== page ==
CHARLOTTE, N.C. — Charlotte has an affordable housing issue, it’s no secret, and it’s definitely a problem many at all levels are working to fix. But the lack of affordable housing is one reason many people experience homelessness.

Twice a week, volunteers set up shop in Uptown Charlotte to provide a hot meal and warm clothes to the men and women left in the cold.

More than 3,000 people in the Charlotte-Mecklenburg area are homeless. But the community-based organization, Rice N Beans, is hoping to change that number.

“I’ve led over 100 missions teams to about 23 countries and done a lot domestically and really felt like I had not done enough in my own city,” says Daryl Sutherland, the founder of Rice N Beans.

Sutherland started the group to help the homeless nine years ago.

“I got a couple of guys, and we started talking to people on the street and just meeting them and building a relationship of trust. Then we started bringing hot dogs,” Sutherland says.

Now there’s more than just hot dogs, Sutherland and his team also give out rice and beans, clothes, and toiletries. There’s also more volunteers that help him make his rounds on the streets, delivering meals to those who need them most.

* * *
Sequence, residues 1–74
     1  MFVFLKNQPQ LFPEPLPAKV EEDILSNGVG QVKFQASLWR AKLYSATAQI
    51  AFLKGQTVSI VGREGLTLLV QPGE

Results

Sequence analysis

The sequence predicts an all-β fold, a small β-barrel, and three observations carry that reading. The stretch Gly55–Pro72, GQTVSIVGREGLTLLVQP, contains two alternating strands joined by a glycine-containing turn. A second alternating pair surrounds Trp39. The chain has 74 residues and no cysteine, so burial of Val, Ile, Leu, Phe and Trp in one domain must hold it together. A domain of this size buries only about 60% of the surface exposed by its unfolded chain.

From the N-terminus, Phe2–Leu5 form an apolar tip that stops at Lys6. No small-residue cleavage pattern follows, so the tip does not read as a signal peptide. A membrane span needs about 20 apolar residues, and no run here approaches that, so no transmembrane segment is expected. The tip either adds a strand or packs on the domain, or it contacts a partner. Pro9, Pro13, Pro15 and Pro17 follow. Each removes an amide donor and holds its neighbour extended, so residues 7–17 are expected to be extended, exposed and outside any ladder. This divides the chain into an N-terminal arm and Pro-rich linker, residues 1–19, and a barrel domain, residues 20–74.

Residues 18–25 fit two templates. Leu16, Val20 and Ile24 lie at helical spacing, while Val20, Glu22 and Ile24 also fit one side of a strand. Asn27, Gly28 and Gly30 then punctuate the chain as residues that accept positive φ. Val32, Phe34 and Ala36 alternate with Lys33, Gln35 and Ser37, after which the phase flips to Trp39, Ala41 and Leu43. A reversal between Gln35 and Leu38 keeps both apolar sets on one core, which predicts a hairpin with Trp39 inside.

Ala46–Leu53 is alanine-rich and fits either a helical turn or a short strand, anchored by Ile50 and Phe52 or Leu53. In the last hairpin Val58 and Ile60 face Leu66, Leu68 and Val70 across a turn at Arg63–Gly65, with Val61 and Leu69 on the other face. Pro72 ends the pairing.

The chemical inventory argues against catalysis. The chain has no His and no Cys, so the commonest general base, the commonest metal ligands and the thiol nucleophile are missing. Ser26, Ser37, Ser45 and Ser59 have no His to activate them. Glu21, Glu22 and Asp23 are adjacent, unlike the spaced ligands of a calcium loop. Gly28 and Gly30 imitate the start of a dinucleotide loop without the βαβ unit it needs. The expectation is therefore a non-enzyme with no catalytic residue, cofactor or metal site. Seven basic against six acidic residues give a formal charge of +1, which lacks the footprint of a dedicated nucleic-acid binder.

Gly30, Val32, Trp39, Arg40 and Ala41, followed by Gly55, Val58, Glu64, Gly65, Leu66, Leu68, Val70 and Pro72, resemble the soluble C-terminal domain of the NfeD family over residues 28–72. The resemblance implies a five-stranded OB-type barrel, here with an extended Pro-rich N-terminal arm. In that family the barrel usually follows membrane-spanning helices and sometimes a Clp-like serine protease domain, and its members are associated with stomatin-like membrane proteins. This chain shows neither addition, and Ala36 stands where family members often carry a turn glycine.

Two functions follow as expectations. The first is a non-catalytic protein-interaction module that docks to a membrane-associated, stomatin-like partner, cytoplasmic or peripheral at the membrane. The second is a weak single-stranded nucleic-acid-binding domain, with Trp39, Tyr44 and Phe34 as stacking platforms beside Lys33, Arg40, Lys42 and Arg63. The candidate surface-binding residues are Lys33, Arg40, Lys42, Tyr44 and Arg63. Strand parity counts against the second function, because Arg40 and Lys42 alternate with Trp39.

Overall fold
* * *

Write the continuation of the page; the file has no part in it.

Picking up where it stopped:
One of the volunteers, Zack Watts, explains why he lends a helping hand.

“I’m still living here in Charlotte, and I live so close, so I thought I might as well come out and serve my community,” Watts says.

More than 13,000 families were evicted from their homes in 2020, and the added financial pressure of the COVID-19 pandemic has more people looking for help.

“We’ve seen people that have apartments but cannot afford food,” Sutherland says.

But it’s not just rice and beans and a hot dog, it’s friendships. Sutherland says the bonds are the first steps in helping someone get back on their feet.

“I sat with a woman 30 minutes ago, and she said ‘I feel invisible. I’ve had people walk by me and not even pay attention that I’m sitting here.’ Every time that happens it steals dignity from them. So hopefully by us serving them, loving on them, knowing their names, and embracing them, it helps restore some of that and that’s our hope.”  

The time a person is staying in a shelter before getting housing has increased by 52 days since 2015.

Mecklenburg County Community Support Services also says in order for a person making minimum wage to afford a two-bedroom apartment in Charlotte, they would have to work 113 hours a week.